Freedom

The van’s motor was roaring incessantly, almost drowning out the sound of the music that was blaring out of the old speakers at maximum volume. The hot midday sun was beating down on the dusty road and the air was flickering because of the heat. Sweat was dripping from her forehead and it was getting harder to breathe with every minute. She felt as if she was stuck in a driving sauna, only that this one wasn’t relaxing at all. A quick glance at the overhead mirror confirmed her fear that she had already turned beet-red. Strange. She never got sunburns. Then again, who drives through Portugal in a badly isolated, amateurishly renovated van in August? People with serious problems, she thought. Or maybe just people with a need for adventure. And that definitely applied to her.
She had left behind her old life not a month ago, and was now enjoying the possibilities her new-found freedom brought with it. She had distanced herself from everything; her job, obviously, but that didn’t worry her all that much, since she had never found real happiness in it. But she had also left her family and friends, the people who loved her the most, and none of them knew when she was coming back. Hell, not even she herself knew how long she would be staying in this country.
However, all of that was of no real concern for her. Neither the time nor the people would make her feel bad. No homesickness, no regrets, just her and the open road;
from one town to the next, sightseeing, shopping here and there, surfing on the coast, sleeping underneath the stars and thinking about what she was going to do next.
At least that’s what she had expected her trip to be before she had left. She had been so excited about just being by herself for a few months. Of course it hadn’t exactly turned out the way she had intended, things rarely do. People get lonely so quickly, and she felt alone every night she had to check into a cheap motel, because in real life you can’t just sleep underneath the stars everywhere you go.
The heat was getting unbearable now. She stopped the van and exited into what she hoped would be fresh air. It was not. Outside, it was even hotter. The air felt solid, like a concrete wall. She reached for her water bottle and took a sip. Not very surprised she swallowed the almost hot water and stared at the vast land in front of her. It was absolutely, stunningly beautiful. 
He would’ve loved it here. 
Her thoughts jumped back in time, as they always did when she started feeling melancholic. And they always jumped to the same thing: her boyfriend, or rather ex-boyfriend. They had broken up shortly before she had left for her trip. Not because of a fight, not because they had stopped loving each other, not even because one of them had cheated on the other. No, they had decided to break up because she couldn’t take him with her and neither of them believed that long-distance relationships worked.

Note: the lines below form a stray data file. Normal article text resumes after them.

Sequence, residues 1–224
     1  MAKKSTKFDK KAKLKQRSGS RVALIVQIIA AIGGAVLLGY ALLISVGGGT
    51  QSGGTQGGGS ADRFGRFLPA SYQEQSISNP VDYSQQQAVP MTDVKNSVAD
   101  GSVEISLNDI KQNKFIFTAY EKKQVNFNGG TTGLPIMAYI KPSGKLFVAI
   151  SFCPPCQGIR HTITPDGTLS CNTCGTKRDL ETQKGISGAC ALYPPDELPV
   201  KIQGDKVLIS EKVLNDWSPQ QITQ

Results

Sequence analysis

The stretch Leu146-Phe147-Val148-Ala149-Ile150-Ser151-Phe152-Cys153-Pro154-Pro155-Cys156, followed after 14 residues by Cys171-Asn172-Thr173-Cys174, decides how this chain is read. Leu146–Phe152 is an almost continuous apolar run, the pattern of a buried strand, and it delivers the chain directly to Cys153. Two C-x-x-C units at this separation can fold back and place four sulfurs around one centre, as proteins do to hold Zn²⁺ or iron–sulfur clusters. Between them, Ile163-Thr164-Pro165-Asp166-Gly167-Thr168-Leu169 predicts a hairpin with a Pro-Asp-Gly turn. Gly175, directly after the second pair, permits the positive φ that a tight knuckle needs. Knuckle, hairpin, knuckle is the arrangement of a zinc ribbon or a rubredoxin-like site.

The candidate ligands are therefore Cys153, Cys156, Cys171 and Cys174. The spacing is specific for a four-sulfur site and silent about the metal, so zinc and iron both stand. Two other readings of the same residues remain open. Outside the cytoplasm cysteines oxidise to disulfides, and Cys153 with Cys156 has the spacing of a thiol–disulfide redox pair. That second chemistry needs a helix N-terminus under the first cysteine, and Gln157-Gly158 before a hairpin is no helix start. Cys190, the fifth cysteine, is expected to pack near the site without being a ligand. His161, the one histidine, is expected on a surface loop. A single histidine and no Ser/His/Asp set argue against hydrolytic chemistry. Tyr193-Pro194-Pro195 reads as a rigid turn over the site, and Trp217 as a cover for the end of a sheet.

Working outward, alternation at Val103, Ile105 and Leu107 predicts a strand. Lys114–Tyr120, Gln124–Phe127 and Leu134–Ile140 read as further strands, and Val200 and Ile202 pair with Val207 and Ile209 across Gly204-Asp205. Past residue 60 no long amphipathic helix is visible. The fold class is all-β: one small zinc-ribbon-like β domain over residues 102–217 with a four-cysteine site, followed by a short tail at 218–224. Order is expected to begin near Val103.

She wasn’t sure why her thoughts always went straight to him. Maybe she just missed him, even though she didn’t want to allow herself to do so. Or maybe she regretted not having taken him with her, even though he would’ve said yes without thinking about it for a single second. But no, she just had to do this on her own. An idea born from one of her many principles that he always considered to be stupid and unnecessary. And perhaps they were. At times not even she really believed in them, but they gave her some sort of strength and security. Her principles were the shield that protected her from getting hurt, or at least that’s what they were supposed to do.
He had always seen through them. He could tell by the look on her face what she was thinking, and sometimes she loved that about him. However, more often than not, she hated him for seeing into her head. It made her feel weak and threatened, as if she wasn’t the master of her own thoughts.
(And let’s be honest, we all hate it when someone tells us the truth about ourselves. We know they’re right, but why can’t they just leave us in denial?)
Out here, however, she could think her own thoughts, without having them basically read out loud by someone else. Here she was free.
She had yet to learn that real freedom comes hand in hand with loneliness.
He was appearing in her mind more clearly now. She could see the deep blue eyes, the short brown hair, gelled to the left. You call that a haircut? She could hear herself joke about his hairstyle and choice of clothing, nevermind the fact that she had of course always liked the way he looked.
The mental picture made her smile. She thought of his childish grin, the cute faces he used to make, his boyish three-day beard, the noises he used to make during sex. She thought about the nights they spent on the big meadow, looking at the sky and inventing new star constellations, and about the time they had danced by the river in the forest, surrounded by fifty tiny candles. She remembered the first time he kissed her; it had been a rainy day in the summer, and he had come to her house unannounced to take his life into his hands, as he liked to say.
She remembered the first time he told her he loved her, and how she had only said it seven times. Literally. The first time had been at a party, the second via text, which, in hindsight, probably didn’t count. The next two times had been after sex, in the heat of everything, amidst all the emotions that had been floating around the room. Then the fifth time right before they had entered the chapel to his father’s funeral. The sixth afterwards. And the last time had been at the airport, right before she left. Because yes, of course he had come after her, even after the break up. She hadn’t expected anything else, since that had always been what they did; hollywood romance.
Seven times. In three years.
Fuck. She could feel a tear roll down her face. It didn’t get far, though, it almost immediately evaporated. She had to stop thinking, but for some reason she just couldn’t.